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Transcript of Heredity
Walter Sutton proposed a chromosomal theory of inheritanceHereditary traits are carried on chromosomes
Thomas Hunt Morgan
1910Drosphila Melanogasterthe fruit fly
Chromosomes condense and spindles begin to form. DNA has been replicated.Crossing over occurs
Homologous chromosomes align along the metaphase plate (in the center) Kinetochoremicrotubules attach to each end of a chromosome
Kinetochore microtubules begin to shorten and homologous chromosomes are pulledapart.They move to opposite ends. Sister chromatids DO NOT separate (opposite ofmitosis)
Separated chromosomes cluster together at each end of the cell and the nuclearenvelope reforms. Cytokensis occurs and forms two daughter cells with half the numberof chromosomes as the original cell. Chromatids are NOT identical because crossingover occurred in Prophase 1
Prophase 2A new spindle apparatus forms and the nuclear envelope breaks down
Metaphase 2Formation of spindle apparatus is complete.
Chromosomes align along the metaphaseplate. New
kinetochore microtubles form at opposite poles of each cell.
Anaphase 2Microtubles shorten and the centromeres split. Sister chromatids are pulled to opposite ends.
Telophase 2Nuclear membranes reform around the clusters of chromosomes.After cytokenisis 4 haploid cells result.No two cells are identical due to crossing over.
-Austrian monk who mated peas to produce offspring and recorded the phenotype to determine inheritance-He discovered many statistical laws of heredity-Learned that a monohybrid cross (cross that involves a single character in heterozygous parents) results in a phenotype ratio of 3:1-dihybrid cross (crossing of 2 different hybrid characters) results in a phenotype ratio of 9:3:3:1
every organism carries a pair of alleles for each trait and the members of the pair separate during the formation of gametes
Law of Segregation
members of each pair of factors are distributed independently
Law of Independent Assortment
-something Mendel’s experiment did not account for-incomplete dominence- neither allele dominates the other. Ex. Red snapdragon and whitesnapdragon make a pink snapdragon-hypercholesterolemia-codominence- both alleles express themselves fully in a heterozygous organism. Ex.uman blood groups
-polygenic traits: traits that are affected by more than one gene. Ex: eye color-multiple alleles: human blood group-epistasis: when the expression on one gene affects the expression of another gene. Ex: thecoat color of mice. The gene for color also affects the gene that controls the deposition ofpigmentation of the fur-pleiotropy: a single gene has multiple effects on an organism. Ex: sickle cell anemia
Other forms of Inheritance
White Mutant Male Fly
The testcross revealed that white-eyed females are viable. Therefore eye color is linked to the X chromosome and absent from the Y chromosome.
presented first clear evidence that the genes determining Mendelian traits do indeed reside on the chromosomes
Sex Chromosomes and Sex Determination
The structure and number of sex chromosomes vary in differenct species
In humans the Y chromosome generally determines maleness
Some Human genetic disorders display sex linkage
Red-green colorblindness is more common in males because the gene affected is carried on the x chromosome.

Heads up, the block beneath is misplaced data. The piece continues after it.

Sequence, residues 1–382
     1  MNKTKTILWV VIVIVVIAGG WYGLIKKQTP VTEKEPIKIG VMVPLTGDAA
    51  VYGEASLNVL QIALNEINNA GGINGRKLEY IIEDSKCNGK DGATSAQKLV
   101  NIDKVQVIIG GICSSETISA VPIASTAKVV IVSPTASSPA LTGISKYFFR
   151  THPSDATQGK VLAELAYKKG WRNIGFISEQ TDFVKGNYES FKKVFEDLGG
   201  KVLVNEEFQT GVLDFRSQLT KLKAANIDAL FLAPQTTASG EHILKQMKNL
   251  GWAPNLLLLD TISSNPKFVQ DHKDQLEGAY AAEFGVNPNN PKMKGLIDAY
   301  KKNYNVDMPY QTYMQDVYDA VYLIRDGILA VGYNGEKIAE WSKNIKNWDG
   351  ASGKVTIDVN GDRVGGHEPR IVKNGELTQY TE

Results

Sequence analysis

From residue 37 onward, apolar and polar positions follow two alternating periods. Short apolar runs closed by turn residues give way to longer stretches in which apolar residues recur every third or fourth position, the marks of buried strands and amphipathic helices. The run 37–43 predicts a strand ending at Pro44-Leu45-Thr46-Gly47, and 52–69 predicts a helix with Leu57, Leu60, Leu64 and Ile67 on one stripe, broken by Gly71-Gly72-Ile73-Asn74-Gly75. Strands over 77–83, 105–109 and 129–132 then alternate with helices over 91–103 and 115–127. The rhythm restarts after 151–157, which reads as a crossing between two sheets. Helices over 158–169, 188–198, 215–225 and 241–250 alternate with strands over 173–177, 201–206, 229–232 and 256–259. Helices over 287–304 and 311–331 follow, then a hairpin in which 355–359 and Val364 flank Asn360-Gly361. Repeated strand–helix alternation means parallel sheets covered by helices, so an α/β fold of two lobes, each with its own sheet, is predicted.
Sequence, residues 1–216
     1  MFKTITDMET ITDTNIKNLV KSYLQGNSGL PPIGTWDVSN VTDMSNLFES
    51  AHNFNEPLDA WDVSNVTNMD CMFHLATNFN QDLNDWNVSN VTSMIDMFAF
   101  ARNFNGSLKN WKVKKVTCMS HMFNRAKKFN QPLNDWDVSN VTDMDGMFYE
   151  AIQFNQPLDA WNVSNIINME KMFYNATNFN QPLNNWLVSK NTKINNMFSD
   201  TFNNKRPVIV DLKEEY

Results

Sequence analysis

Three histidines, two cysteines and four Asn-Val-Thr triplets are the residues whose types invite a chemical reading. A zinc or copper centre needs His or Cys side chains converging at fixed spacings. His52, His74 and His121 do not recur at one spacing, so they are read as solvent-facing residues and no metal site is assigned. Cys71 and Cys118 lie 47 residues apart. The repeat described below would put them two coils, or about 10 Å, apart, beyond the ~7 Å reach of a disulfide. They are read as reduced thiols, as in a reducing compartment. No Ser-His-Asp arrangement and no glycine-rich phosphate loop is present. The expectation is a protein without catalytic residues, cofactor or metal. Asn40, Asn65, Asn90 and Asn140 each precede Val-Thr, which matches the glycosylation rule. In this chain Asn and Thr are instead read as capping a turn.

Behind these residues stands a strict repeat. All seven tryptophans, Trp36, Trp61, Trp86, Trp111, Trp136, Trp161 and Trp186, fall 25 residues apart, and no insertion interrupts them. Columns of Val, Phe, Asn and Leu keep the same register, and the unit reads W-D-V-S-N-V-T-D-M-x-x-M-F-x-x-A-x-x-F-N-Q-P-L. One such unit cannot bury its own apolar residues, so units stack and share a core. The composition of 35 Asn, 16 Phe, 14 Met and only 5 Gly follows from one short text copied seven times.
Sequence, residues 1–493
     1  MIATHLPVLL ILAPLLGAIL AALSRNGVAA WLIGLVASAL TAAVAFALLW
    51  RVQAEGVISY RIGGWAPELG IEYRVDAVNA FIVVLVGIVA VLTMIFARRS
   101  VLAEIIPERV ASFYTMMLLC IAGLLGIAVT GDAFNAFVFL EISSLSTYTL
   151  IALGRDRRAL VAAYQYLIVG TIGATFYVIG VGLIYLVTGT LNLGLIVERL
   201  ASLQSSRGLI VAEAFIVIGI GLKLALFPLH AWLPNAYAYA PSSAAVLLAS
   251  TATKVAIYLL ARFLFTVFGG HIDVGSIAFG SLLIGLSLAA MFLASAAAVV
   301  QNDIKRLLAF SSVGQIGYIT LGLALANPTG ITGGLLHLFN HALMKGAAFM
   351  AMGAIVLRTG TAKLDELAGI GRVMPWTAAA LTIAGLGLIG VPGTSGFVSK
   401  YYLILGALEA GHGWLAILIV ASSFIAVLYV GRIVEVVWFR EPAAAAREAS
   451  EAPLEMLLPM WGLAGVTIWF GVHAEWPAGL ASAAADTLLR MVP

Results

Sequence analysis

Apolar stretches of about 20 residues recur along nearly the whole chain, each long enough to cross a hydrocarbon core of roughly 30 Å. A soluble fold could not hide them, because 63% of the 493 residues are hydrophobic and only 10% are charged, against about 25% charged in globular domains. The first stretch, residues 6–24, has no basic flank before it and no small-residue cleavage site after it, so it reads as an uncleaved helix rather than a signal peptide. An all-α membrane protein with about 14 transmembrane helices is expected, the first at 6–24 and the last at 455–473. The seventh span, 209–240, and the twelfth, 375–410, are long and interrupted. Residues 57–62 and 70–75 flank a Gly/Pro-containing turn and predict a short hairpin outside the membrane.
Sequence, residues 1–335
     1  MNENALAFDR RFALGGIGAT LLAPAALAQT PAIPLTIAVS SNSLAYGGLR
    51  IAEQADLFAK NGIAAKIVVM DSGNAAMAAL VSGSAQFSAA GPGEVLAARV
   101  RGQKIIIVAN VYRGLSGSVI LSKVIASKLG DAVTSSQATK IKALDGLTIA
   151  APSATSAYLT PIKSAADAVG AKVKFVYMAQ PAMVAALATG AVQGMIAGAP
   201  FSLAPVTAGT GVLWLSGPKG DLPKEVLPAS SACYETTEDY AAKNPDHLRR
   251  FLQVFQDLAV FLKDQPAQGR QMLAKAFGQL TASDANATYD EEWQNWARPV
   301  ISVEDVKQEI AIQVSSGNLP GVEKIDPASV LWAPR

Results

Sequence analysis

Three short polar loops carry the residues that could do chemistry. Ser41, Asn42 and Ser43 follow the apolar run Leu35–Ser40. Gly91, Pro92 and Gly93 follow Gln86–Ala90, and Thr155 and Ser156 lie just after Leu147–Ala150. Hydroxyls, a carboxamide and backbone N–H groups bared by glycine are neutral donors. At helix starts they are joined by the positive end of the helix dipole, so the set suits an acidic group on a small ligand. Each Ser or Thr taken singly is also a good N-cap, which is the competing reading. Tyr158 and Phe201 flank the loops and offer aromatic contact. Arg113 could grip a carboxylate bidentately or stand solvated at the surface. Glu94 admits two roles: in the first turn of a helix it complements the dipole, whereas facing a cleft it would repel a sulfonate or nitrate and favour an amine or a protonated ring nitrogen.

Hemophilia is a disease caused by an X-linked recessive allele. Meaning women who are heterozygous for the allele are asymptomatic carriers and men who receive an X chromosome with the recessive allele exhibit the disease.
The number of copies an individual has of the X chromosome determines the sex of the individual.
inactivation of one of the X chromosomes in a female during early embryonic development
prevents doubling of any sex linked gene
the inactivated X chromosome appears as a Barr body attached to a nuclear membrane
can lead to genetic mosaics
their individual cells may express different alleles depending on which chromosome is inactivated.
ex: Calico Cata female that has a patchy distribution of dark fur, orange fur, and white fur
Sex Linkage and the Chromosomal Theory of Inheritance
Selected Human Genetic Disorders
genetic disorders can be due to altered proteins
ex: sickle cell anemia
sickle cell anemia is caused by a defect in the oxygen carrier, hemoglobin, that leads to impaired oxygen delivery to tissues. The defective hemoglobin molecules stick to one another, forming stiff, rod like structures.
nondisjunction: the failure of homologues or sister chromatids to separate properly during meiosis
Nondisjunction of Autosomes
Monosomics=humans who have lost even one copy of an autosome
Trisomics=humans who have gained an extra autosome
ex: Down Syndrome
Down Syndrome=when a particular small portion of chromosome 21 is present in three copies instead of two
Nondisjunction of Sex Chromosomes
individuals that gain or lose a sex chromosome do not generally experiance the severe developmental abnormalities caused by similar changes in autosomes
genomic imprinting=the phenotype caused by a specific allele is exhibited when the allele comes from one parent, but not from another.
genetic counseling=the process of identifying parents at risk for having children with genetic defects and of assessing the genetic state of early embryos.
amniocentesis= a procedure that permits the prenatal diagnosis of many genetic disorders
chorionic villi sampling=the doctor removes cells from the chorion, a membranous part of the placenta that nourishes the fetus